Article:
Aphex Twin

26 Mixes for Cash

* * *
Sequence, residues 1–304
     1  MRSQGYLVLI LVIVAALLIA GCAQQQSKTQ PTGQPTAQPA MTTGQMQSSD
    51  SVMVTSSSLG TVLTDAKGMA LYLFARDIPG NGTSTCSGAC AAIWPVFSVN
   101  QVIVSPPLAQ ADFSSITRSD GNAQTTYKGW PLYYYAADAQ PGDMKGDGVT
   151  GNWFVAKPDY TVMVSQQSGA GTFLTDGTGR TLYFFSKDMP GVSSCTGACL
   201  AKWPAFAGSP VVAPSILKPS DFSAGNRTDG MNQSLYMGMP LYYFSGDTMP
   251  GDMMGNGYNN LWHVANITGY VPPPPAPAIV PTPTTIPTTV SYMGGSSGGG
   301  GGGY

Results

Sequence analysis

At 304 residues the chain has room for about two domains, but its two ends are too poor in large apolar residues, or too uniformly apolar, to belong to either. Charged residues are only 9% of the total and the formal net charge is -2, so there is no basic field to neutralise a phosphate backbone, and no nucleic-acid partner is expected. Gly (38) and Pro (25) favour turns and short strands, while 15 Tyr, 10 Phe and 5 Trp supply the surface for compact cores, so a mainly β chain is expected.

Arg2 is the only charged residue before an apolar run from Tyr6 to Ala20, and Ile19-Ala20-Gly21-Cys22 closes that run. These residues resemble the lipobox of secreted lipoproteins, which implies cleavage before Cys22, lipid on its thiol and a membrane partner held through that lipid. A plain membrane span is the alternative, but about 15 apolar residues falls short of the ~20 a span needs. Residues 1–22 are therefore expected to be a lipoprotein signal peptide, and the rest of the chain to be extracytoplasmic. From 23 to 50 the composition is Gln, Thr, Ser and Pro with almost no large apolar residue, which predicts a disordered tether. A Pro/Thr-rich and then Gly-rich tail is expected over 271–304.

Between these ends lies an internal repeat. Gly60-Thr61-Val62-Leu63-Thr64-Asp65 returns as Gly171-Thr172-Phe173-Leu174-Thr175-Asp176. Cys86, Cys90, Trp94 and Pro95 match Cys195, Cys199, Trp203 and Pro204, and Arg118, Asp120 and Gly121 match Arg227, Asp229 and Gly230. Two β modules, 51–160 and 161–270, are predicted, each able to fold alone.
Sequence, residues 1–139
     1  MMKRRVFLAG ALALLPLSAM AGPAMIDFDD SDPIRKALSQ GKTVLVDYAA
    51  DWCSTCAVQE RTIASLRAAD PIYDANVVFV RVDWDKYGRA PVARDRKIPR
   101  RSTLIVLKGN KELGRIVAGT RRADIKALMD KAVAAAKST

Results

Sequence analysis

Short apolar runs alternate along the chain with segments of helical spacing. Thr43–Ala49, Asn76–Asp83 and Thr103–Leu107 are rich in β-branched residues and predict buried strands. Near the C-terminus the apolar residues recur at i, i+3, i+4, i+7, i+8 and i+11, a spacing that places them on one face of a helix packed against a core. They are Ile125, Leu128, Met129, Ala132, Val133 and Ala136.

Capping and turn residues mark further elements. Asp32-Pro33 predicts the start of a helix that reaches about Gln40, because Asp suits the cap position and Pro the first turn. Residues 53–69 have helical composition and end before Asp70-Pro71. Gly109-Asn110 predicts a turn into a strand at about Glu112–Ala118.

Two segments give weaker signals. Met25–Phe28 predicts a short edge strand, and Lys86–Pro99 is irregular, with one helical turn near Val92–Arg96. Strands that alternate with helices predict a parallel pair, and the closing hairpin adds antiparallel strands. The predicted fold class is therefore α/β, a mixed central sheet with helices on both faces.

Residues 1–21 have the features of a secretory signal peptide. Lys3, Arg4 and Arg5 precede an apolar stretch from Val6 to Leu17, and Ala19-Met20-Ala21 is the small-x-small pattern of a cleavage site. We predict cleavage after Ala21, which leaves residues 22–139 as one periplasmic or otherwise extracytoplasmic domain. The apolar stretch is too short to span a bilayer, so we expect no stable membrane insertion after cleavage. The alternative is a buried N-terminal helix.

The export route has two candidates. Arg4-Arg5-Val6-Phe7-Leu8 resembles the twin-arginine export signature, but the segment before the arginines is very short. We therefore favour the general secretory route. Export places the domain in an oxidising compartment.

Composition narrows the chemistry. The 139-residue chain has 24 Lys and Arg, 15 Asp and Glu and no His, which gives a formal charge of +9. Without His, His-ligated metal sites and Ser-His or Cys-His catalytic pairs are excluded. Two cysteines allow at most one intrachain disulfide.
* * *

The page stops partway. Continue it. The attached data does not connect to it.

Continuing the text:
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Before Aphex Twin, remixes were dancefloor fodder and singles filler, hired out and produced with an eye to crossover success in different markets with what was largely the same piece of music (apologies to masters of the form Tom Moulton, Shep Pettibone, and Arthur Baker). After Aphex Twin, dozens of electronic and experimental outfits considered entire remix albums de rigeur, a process certainly not influenced by the release of Madonna's You Can Dance or Paula Abdul's Shut Up & Dance. A remix, for the notorious recluse Richard D. James, was simply another way to release his music, and as the title of this remix collection indicates, earn some money off the backs of clueless record labels. (He often indicated a disdain for the artist he was working for matched by few excepting Steve Albini.) James created remixes using none of the source material given (for Nine Inch Nails, he admitted "I never heard the originals...I don't want to, either"), sent along work at the last minute with no connection to the artist involved (a random tape of gabba from his studio was handed over to an Atlantic rep for a Lemonheads remix), and even play the middle-man for the productions of his flatmate Global Goon. Nevermind the methods, it's clearly the results that count, and 26 Mixes for Cash comprises some of the most creative, breathtaking music produced by anyone in electronica -- from early successes, like the gloriously uncomplicated ambient pop of Seefeel's "Time to Find Me," to the latest offerings from an artist who should release more, an unlisted remix of 808 State's "Flow Coma" (titled, simply, "Remix by AFX").

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